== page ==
year. Pending the completion of a
bridge now under construction over j
the Columbia river beyond present
railhead from the western end of con-'
struction, he said it would bc difficult to mention specifically wIcr the
line would be finished.
I.'ISAPROVES THEORY OF
AN ATHLETIC HEART
The "athletic heart:' does not ex-
ifct. This is the conclusion arrived at
by Prof. Albert Allni, Germany's
greatest authority ou the hygene ol
sport, published in a pamphlet re-
lently issued. He further makeB the
statement that violent sportB und
sports which require leng continued,
1 ut mild exertion, have the same
bodily effect.
The only real difference between violent and mild games is an increased
danger of overheating in the harder
pastime, but this danger is also present in a lesser degree '.n the easier
ones.
A lootball player and a long distance walker undergo the same
strains and risks, so far as the bodily
organs go. Aa long as the exertion
lastB, from three to five times the
normal amount of blood is pumped
by the heart, increasing the pressure.
If it is continued long enonbh a sort j
of temporary paralysis ensues, but j
I frequent repetition" not produce ;
' any  chronic heart  abnormality which
'. can be recognized     as     an     athletic
heart.
Some hundreds ol athletes were ex- I
, amiued, 'including football, tennis and ;
' hockey players, as well as long    dis-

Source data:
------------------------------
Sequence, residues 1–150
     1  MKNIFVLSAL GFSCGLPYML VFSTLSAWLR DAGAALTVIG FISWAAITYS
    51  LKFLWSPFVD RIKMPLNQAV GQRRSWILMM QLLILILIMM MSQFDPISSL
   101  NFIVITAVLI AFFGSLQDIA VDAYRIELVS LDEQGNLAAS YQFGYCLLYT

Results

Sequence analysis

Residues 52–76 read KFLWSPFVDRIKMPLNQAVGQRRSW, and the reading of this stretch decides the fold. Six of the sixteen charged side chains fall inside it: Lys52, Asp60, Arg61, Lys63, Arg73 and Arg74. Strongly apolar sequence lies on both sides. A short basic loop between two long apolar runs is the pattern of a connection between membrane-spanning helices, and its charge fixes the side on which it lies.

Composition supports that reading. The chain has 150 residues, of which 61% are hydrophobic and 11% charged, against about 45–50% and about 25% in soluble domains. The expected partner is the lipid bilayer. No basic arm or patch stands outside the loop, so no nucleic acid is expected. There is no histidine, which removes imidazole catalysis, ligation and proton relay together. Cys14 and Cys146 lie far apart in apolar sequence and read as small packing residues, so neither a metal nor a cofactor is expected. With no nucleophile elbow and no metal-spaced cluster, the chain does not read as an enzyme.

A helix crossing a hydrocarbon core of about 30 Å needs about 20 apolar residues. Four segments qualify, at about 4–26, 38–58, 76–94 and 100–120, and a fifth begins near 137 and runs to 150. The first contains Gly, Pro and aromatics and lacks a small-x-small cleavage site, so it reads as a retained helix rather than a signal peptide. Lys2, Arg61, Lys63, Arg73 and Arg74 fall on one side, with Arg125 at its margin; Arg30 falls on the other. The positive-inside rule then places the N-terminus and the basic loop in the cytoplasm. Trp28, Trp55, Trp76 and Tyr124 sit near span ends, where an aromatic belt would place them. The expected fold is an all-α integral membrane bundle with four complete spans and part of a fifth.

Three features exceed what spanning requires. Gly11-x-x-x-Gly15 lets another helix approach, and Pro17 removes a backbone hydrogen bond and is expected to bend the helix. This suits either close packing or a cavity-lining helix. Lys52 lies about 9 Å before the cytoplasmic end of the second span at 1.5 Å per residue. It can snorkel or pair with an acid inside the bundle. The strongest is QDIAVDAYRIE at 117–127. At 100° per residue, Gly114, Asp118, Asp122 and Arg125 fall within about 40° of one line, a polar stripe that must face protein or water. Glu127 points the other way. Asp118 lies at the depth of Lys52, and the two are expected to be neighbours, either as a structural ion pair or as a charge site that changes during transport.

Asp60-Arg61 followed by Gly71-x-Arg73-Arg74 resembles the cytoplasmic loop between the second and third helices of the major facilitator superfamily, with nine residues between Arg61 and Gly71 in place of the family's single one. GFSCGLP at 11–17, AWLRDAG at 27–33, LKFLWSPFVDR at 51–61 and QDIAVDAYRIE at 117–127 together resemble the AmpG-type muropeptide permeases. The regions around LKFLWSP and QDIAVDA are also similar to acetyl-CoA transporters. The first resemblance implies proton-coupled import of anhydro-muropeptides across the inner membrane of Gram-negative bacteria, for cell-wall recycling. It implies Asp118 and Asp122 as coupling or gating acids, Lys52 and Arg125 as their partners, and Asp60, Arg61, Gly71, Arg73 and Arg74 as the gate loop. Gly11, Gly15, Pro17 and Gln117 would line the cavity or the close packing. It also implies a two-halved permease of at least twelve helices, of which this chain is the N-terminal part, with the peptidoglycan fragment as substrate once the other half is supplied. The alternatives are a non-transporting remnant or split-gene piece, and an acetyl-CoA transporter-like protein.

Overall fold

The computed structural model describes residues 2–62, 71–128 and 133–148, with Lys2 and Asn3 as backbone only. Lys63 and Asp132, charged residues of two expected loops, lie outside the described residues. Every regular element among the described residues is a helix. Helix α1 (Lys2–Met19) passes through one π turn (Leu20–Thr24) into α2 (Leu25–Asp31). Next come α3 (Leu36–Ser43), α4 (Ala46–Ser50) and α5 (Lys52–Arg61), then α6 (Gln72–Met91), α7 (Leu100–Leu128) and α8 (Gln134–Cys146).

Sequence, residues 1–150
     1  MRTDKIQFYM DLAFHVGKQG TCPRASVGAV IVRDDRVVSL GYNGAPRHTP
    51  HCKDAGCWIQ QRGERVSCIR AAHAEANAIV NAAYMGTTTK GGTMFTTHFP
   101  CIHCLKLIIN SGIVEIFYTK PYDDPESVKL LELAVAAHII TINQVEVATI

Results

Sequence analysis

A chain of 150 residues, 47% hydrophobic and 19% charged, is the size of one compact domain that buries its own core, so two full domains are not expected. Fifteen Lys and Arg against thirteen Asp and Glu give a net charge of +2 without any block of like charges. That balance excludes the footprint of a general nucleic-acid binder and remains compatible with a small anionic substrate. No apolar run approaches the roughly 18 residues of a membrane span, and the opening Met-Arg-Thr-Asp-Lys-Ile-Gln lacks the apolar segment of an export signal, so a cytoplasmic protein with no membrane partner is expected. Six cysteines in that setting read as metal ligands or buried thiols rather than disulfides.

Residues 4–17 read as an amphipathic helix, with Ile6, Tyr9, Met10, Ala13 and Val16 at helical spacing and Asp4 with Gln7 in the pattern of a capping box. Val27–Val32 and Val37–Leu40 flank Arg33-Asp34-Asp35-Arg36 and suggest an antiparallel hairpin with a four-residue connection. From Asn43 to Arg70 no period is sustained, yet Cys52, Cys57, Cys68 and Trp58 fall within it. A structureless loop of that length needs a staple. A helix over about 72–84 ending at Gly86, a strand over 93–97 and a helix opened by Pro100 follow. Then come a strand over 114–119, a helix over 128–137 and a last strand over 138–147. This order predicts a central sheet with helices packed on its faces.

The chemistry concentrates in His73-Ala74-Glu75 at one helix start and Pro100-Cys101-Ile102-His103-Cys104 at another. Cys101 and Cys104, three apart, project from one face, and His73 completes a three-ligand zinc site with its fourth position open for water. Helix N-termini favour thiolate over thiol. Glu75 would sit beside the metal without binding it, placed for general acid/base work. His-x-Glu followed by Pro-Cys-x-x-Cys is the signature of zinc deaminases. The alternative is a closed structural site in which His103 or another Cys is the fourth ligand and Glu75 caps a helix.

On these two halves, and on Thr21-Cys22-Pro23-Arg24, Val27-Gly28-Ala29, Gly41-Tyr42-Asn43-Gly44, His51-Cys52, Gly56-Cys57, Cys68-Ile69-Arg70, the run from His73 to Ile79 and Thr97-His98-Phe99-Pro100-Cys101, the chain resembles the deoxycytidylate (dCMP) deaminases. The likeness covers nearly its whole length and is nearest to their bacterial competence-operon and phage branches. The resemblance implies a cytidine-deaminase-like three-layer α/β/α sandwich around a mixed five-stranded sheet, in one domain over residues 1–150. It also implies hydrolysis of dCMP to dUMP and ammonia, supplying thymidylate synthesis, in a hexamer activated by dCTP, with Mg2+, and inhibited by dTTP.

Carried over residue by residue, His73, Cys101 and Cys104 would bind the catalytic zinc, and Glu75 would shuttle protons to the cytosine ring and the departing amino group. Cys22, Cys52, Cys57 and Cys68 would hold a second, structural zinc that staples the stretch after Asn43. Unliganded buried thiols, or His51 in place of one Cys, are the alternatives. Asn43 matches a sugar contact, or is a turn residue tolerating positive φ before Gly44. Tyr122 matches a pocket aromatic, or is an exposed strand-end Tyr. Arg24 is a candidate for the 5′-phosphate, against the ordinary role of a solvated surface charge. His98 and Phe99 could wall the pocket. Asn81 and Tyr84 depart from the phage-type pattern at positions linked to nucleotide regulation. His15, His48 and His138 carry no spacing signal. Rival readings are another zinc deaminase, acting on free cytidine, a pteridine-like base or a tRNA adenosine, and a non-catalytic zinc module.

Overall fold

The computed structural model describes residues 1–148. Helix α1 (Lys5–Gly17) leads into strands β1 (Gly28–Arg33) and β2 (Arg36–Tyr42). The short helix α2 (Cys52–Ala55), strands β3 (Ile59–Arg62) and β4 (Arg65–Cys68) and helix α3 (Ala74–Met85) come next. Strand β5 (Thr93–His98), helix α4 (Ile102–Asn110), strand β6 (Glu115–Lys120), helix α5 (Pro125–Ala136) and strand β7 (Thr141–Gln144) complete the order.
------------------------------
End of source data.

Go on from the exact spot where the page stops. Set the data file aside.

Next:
I tance walkers and runners.     In some
cases the heart enlarged, in others it
decreased in size, but in tbe majority
it remained the snme as before.
From this he gathered that the   ef-
I feet of sport on the heart was a per- j
1 sonal thing,  some people were  fitted
I for athletics and some not.
Fitness, he found to be governed by
' a few constant factors. Thc athlete'B
' ; ge, his bodily constitution, his pow-
' ers of resistance, nnd his training
I have to he taken into account. II he
I is physically sound and well trained
he may uivlertakc any sport with impunity, with no danger ol after cf-
; fects.
The chief trouble arising from sport
is a temporary one, over-exertion. It
ed. If it does not,
from  over-exertion.
is the same in the case of footbuil
players, who were examined by Prof.
Albu, and in German soldiers on lorc-
ed marches.
Normally, the heart should return
to its standard number of bents fit-
teen minutes alter exertion has end-
thc   man suflers
 I But in no caBe
did even repeated over exertion produce anything like a permanent ill
effect.
One oddity, noted by Dr. Miilt/.nhn
nnd quoted in the book, is that nervously disordered poi .pie are usually
the best game players. In a test of
tennis      players      six    ol  seven  slurs
showed abnormal reactions. The reaction of poor nnd average players
wore normal.
Tbe   Admiralty has taken the Can-
Paclflc Railway boats Empress
of India  and the    Monteagle,  leaving
the company with    noi a single shin
on  the  transpacific  Service,  Naval  officials  had  previously   taken  over  tho
I'.n.Messi    i:   - la,   \sin and Japan.-  |
*' WATER ACT "   AND   AMENDING
ACTS and "WATER ACT, 1914."
Before the Board of Investigation
In thc matter of all streams in
Townships 17 and 18 in Ranges 10
and 11 west of the Sixth Meridian
which arc tributary to Salmon River
A meeting of the Board of Investigation will be held at Armstrong
on the Second day of October, 1914,
at two o'clock in the afternoon.
AU statements ol claim to water
privileges on these respective streams
all objections thereto, and tho plans
prepared Ior the use of the Board